PAKISTAN coach Matt Embling says he side can’t wait to get to Bendigo for Friday night’s AFL International Cup match against arch-rival India.
The Shaheens and Indians will both be chasing their first win at the biennial tournament following losses in their opening two games against Germany and Japan.
Embling, who is an assistant coach with Collingwood’s AFL team, said he was relishing the opportunity to coach the visiting Pakistanis.
“It was a bit daunting at first; having done AFLW and VFL coaching, but it’s probably been the most rewarding,” he said.
“Just to see the improvement in the boys has been fantastic.
“And their attitude to their football – they just love it.”
Pakistan and India are competing in division two of the competition in pool two against ladder leaders Germany (2-0) and Japan (2-0).
The Germans are competing at International Cup level for the first time.
China (2-0), Croatia (1-1), Indonesia (1-1) and Sri Lanka (0-2) are contesting pool one, with an eventual division two premier to win promotion to division one at the next tournament in 2019.
In division one, New Zealand, the United States and Ireland lead the way with two wins.
Nauru, which played a pre-season practice match against Bendigo league team Strathfieldsaye in February, is in eighth-place with no wins from two games.
Embling was delighted with how Victorians had embraced the 18 men’s and seven women’s teams competing in the cup competition and was certain Bendigo was no exception given its response already in hosting the visiting Indians.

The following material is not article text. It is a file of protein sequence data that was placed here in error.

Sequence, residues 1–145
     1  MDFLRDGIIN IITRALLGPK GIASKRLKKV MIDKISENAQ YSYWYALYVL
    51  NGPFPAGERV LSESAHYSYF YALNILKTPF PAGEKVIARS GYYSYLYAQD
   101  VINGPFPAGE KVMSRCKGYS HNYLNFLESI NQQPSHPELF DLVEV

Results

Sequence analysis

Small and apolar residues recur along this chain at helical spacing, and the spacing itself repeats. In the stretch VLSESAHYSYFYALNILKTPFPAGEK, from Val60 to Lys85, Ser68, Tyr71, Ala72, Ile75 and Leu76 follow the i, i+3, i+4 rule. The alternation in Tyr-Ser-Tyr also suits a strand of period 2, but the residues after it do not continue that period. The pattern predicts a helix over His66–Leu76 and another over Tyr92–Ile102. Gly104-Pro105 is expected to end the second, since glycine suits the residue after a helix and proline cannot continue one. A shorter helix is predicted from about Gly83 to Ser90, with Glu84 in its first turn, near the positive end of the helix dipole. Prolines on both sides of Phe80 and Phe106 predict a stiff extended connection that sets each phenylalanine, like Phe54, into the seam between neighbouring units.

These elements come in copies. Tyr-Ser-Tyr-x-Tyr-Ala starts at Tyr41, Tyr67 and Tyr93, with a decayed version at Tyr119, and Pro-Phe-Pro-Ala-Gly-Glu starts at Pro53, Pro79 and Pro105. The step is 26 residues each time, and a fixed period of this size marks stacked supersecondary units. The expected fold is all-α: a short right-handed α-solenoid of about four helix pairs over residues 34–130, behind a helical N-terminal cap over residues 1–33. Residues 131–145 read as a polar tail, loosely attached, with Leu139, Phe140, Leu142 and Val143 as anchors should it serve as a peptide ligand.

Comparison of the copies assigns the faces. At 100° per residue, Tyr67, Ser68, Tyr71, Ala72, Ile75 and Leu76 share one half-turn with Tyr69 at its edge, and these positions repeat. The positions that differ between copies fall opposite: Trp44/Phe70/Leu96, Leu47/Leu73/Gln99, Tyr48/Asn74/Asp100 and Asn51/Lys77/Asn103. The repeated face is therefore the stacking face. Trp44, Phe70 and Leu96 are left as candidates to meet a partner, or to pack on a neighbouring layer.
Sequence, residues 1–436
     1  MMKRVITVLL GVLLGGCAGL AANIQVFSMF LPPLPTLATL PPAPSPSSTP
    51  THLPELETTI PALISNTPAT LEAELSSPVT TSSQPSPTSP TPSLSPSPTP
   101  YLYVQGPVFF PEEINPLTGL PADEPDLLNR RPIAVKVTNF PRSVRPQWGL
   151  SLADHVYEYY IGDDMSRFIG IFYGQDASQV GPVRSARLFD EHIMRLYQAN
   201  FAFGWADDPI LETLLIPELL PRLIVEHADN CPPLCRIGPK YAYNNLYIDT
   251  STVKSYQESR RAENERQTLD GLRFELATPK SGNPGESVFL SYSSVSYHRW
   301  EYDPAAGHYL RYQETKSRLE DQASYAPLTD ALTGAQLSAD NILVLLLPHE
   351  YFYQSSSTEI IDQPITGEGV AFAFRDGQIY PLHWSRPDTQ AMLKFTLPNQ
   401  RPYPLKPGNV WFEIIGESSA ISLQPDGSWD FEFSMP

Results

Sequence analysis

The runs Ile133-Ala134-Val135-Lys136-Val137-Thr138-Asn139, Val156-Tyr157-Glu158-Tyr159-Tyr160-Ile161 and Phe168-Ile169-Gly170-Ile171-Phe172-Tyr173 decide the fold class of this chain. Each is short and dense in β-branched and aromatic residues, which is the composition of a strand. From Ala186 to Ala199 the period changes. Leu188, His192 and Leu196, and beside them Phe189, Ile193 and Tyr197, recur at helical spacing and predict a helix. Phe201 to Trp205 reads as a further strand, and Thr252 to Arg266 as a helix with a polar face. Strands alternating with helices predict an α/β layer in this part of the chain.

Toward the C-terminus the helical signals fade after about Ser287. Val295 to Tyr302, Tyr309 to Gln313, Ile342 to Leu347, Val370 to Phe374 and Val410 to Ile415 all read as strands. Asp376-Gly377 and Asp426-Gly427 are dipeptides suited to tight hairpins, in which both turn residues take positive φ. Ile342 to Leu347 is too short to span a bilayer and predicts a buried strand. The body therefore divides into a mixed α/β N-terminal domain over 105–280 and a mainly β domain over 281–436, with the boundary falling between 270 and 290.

The 7.30pm clash at the Wade Street Oval will pit two of world sports’ fiercest rivals.
Embling described the build-up as huge.
“I’ve been joking with a few of the guys that my job is on the line if we don’t win – no pressure – just like (former Gold Coast Suns coach) Rodney Eade,” he said.
“But in all seriousness the guys are really looking forward to the game, they’re to show their wares.
“A Friday night under lights in Bendigo should be a real good experience for the guys.”
Most of the International Cup teams contain a mix of players, who have travelled from their homeland, with a sprinkling of Australian-based players.
About 850 non-Australian players have travelled to Melbourne for the tournament.
Embling likened a top-end division one clash as equivalent to a Loddon Valley league standard game.
“New Zealand has a couple of AFL international rookies playing for them at the moment,” he said.
“Division two is probably a low-level reserves; you have a top five or six who are really quite handy.
“The Germans had a 2013cm ruckman. I worked with (St Kilda’s) Jason Holmes a bit and he kicks it as well as Jason does.”